find . -iname '*.cue' | xargs ls -l | tr -s ' ' | cut -d ' ' -f5,9 | sort -n
[1] Note that 'find' has a '-printf' option which could have been used to simplify this one-liner.

Or just search the files directly in github? Just type T and .cue

Is the language supposed to "validate"?

In this file, there is no constraint describing non-negative number or non-empty string, or ill-formed URL, or invalid number ports.

EDIT : found it in the doc : https://cuelang.org/docs/usecases/validation/

If configuration starts becoming more complex than looking up key value pairs, why not just write it in the programming language you are using? More languages / serialisation just adds another layer of complexity. Config as code is actually really neat.

> If configuration starts becoming more complex than looking up key value pairs, why not just write it in the programming language you are using?

Because you want to write a config file, not a program?

What next, config files, build systems and unit tests for your config files?

No thanks.

But this is a language, so it needs to be a program to run? Oh wait.. feel like I miss the joke.

What if you're using multiple programming languages?

Then just pick one of them. This may be simpler than introducing another language to the project.

What if you are interfacing between multiple projects? It’s not about introducing another language, it’s about integrating pre-existing systems.

Some web projects validate inputs in JavaScript, then in a possibly different backend language, then (unusually) in the database with CHECK statements. Even when it's all JavaScript the validations are different because the frontend and backend frameworks are different.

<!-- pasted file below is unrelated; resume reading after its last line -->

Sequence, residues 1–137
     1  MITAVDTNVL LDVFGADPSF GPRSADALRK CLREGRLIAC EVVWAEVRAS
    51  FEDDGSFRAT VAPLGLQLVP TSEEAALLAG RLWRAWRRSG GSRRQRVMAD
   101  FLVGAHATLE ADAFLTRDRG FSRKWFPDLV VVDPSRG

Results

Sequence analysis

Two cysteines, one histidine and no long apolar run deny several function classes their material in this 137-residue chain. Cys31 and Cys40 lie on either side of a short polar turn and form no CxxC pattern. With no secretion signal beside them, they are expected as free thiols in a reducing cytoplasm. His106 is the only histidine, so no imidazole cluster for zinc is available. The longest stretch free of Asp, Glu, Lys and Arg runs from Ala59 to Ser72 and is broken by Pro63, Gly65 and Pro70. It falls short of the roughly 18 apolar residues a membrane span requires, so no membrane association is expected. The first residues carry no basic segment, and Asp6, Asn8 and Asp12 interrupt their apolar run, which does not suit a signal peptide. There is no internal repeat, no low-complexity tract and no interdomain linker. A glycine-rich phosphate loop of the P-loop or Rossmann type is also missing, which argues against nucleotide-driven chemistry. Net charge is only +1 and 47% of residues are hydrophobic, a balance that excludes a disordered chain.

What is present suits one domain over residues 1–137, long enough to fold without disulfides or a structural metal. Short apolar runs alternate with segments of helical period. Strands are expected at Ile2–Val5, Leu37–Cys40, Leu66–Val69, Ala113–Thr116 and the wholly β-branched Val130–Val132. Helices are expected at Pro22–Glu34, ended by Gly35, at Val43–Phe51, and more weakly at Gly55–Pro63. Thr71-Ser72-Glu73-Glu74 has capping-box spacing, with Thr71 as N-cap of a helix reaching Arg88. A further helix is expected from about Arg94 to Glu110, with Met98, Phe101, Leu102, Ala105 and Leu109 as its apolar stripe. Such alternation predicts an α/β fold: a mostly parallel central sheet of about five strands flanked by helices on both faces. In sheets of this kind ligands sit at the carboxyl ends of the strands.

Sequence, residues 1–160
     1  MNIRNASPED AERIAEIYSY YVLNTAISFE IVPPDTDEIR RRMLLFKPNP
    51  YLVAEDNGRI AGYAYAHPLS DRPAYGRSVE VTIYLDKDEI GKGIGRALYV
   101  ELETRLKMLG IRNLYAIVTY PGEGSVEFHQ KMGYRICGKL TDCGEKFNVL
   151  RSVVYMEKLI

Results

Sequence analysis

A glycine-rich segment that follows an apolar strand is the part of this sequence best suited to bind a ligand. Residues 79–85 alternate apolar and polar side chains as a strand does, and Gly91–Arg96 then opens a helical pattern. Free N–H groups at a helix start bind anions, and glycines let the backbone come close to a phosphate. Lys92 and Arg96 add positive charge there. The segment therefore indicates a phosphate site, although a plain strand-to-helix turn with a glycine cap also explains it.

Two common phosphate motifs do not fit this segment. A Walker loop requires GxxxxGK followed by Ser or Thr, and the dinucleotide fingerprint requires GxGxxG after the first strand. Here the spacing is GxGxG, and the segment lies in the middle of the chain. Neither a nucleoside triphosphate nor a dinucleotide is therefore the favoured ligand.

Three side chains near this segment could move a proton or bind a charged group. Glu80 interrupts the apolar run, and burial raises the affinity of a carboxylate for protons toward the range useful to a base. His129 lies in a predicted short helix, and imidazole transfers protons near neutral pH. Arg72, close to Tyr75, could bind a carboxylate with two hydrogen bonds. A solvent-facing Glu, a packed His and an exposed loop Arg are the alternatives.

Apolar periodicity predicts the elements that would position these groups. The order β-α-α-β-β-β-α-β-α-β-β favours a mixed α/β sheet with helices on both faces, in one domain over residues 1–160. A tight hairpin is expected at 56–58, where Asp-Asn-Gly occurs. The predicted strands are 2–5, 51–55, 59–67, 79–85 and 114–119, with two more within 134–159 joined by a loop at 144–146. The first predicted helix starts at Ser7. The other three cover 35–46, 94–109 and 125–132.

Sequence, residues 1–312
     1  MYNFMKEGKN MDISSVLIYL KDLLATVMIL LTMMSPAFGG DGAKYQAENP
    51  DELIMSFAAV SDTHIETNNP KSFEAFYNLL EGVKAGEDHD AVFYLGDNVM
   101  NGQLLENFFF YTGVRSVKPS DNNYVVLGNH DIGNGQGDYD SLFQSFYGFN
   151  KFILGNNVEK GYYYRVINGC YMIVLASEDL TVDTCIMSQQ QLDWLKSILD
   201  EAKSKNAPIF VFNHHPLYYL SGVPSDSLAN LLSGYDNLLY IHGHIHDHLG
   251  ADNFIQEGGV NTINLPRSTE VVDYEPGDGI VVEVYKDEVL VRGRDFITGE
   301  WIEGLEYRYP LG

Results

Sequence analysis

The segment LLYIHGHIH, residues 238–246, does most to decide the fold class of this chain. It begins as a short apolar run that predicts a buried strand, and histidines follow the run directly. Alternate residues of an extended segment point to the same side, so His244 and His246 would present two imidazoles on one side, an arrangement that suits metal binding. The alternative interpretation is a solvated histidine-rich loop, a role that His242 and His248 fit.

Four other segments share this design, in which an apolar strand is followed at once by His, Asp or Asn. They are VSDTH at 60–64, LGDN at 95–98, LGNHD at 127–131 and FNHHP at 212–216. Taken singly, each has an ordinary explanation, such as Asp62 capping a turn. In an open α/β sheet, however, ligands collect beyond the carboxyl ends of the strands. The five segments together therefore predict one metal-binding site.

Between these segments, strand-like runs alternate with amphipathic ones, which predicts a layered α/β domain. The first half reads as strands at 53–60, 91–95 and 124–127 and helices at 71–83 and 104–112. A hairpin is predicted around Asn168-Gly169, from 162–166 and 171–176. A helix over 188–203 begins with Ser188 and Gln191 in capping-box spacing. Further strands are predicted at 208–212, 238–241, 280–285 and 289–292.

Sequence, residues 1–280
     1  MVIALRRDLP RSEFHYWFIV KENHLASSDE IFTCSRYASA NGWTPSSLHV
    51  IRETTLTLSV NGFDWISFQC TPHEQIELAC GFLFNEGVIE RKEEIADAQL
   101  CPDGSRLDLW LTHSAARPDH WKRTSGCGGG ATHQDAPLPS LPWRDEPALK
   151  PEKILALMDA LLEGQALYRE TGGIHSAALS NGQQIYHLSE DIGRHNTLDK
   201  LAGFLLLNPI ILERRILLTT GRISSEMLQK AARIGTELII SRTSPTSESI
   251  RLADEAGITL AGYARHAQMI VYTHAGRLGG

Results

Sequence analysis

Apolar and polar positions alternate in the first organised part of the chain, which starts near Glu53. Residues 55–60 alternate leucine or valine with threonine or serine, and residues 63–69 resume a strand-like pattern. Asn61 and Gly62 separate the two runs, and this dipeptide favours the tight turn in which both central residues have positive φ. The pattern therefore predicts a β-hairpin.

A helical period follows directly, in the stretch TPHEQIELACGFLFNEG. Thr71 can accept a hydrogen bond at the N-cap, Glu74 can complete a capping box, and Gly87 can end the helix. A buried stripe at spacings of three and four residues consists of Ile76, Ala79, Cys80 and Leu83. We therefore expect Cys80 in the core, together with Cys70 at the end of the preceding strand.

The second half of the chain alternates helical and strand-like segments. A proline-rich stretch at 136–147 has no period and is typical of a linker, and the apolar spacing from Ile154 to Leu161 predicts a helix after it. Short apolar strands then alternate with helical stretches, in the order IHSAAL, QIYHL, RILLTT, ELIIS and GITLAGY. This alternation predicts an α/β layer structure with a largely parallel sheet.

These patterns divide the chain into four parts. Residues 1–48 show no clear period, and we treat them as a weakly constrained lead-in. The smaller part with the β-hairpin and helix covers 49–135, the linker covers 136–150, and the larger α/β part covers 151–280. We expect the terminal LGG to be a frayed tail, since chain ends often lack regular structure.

And some projects have multiple backend services written in multiple languages.

Then cue might be a good idea.

- can only be done in script languages(?) - syntax errors

I get what you're saying and it can be neat, but I don't think it's universally applicable

how does this apply to compiled languages though?

Recompile when config changes.

If you're going to do that, you don't need configuration at all. Just hardcode everything.

Yeah, and it is not really new either. ioquake3 did that, it had a header file for some values. If you changed them, you had to recompile the QVMs. So then we added cvars, and some values such as HP, DMG, etc. stayed in the header file. I learnt programming C by fiddling around with ioquake3 and its forks, Tremulous especially. Good times.

I think a better title would be "Cue: A constraint programming langue (from some people who work[ed] at Google)".

When you consider the use of this language within a distributed system it's pretty freaking brilliant. https://cuelang.org/docs/concepts/logic/#the-value-lattice